Well, the March SAT is now history and the calls, texts, and emails from DVD users here and abroad are coming in. Sounds like you all did well!
Thanks so much for keeping me informed. I love your feedback and your stories- both successes and disappointments. Today, I want to share two events because they could happen to anyone.
Know where your test center is- drive there sometime before the test if possible.
Kyle left home the morning of his test early, punched the address into his GPS, and arrived 20 minutes early, only to find 6 other cars lined up in front of a house, not a school! Turns out, there are 2 places with the same address. Kyle called his dad, who told him to “just come home”. No way! Kyle was ready. He called the school’s number, which he found on his admission ticket (smart!), and was told that they would wait! All seven cars headed over and were only 30 minutes late. The students were rushed in and helped to quickly fill out the personal information on the scantron and began the test along with everyone else. Kyle was not nervous or flustered by the confusion- just happy he could take the test. He had put in so much time and effort that he did not want to wait until May.
Make a mistake on the answer sheet?
Get help from the proctor.
Trey, a get IT DVD user, told me that on his January SAT he discovered he was marking the answers for section 6 in the section 7 grid. Rather than try to erase everything and lose test time, he resumed in section 6 and then told the proctor immediately after time was called. The proctor helped him fix the error, and also filled out a report that accompanied his score sheet to explain the error. Trey’s scores were released a week later than most scores, but he did his best and did not become flummoxed; his Critical Reading increased 120 points and his Writing 110. His results were too important to him to let a small mistake affect his performance.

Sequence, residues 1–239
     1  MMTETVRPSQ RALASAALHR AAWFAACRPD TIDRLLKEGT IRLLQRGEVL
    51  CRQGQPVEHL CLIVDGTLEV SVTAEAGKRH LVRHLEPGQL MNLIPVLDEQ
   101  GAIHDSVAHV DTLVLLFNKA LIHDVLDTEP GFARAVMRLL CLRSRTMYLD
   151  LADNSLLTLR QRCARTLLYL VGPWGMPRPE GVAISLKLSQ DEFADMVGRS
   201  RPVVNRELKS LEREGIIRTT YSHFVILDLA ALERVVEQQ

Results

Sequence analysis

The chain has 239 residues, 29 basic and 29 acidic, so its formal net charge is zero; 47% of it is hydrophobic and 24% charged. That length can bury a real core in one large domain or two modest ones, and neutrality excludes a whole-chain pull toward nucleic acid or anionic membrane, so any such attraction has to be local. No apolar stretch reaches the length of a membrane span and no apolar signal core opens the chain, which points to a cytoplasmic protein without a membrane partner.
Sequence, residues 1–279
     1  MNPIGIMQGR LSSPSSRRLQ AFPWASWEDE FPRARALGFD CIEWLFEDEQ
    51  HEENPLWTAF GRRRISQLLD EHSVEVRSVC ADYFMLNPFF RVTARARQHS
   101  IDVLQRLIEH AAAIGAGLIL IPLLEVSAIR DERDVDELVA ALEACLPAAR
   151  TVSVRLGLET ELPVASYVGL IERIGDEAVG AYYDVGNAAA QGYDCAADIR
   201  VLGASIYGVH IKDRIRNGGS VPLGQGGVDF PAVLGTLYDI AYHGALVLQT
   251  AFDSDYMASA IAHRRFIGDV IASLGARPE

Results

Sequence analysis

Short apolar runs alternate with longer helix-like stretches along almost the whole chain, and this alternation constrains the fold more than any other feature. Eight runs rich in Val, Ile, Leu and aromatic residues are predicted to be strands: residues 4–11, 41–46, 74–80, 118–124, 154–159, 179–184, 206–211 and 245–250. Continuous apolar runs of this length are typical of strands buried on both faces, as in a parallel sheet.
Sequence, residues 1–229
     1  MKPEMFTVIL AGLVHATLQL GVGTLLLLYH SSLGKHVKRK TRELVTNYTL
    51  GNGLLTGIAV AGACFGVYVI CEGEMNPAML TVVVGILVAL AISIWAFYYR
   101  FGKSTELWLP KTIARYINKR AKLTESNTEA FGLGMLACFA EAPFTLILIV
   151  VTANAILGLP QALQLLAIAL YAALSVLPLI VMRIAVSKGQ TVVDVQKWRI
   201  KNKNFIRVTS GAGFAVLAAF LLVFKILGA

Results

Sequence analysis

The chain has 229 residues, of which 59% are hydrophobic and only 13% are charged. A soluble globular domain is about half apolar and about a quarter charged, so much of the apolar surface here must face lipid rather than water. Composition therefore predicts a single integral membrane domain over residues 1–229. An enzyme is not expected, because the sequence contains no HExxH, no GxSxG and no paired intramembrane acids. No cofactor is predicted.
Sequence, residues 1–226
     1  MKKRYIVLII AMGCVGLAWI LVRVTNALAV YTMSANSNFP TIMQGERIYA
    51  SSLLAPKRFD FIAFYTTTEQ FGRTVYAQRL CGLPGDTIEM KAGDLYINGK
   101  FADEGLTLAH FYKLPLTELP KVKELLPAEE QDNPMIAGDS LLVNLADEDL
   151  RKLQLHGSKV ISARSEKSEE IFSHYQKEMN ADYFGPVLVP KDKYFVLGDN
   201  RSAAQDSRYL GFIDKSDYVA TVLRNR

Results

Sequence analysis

Mistakes are made, accidents happen, but they don’t need to affect more than the moment in which they occur. Both boys were smart- each studied hard and focused on the outcome rather than giving up quickly in frustration. It is best to prepare for the test, and determine to stay calm and focused. Do your best; if all else fails, there is always another test date.
All the best!
Getting ready for the SAT or ACT is really just about being educated- after all, that is why a college looks at a board score- to determine if your education level is a correct fit. Starting early is easier than starting late:
* You have more time to study, and thus time to skip a day (or week, or month) when you are really busy.
* Learning takes time for the information to sink in!
Allow time for repetition.
* Prepare while you are learning the same material in class.
Let’s say you are in Geometry, and you are learning about triangles; knowing you will see this again on the PSAT or ACT makes it relevant and encourages mastery for the long term rather than just for the next unit test in class and then a quick review before the final. The same with vocabulary; why cram fast the night before just to get the A? Rather, you will need to know these words: review every day before the test, then cram if you need to, but then review them again everyday for the week after the test. Really know the words and use them so you learn them.
*Sign up on collegeboard.com for the question of the day.
You can do this even if you are in fifth or sixth grade. Each day the question has answers and explanations. So, you may learn a little, but more likely, you will recognize topics more readily in class because you have been primed- you have seen it before. This “memory” helps so much when learning. The questions are emailed to you daily, so it is an easy way to get used to how questions are asked on the test. And it is free.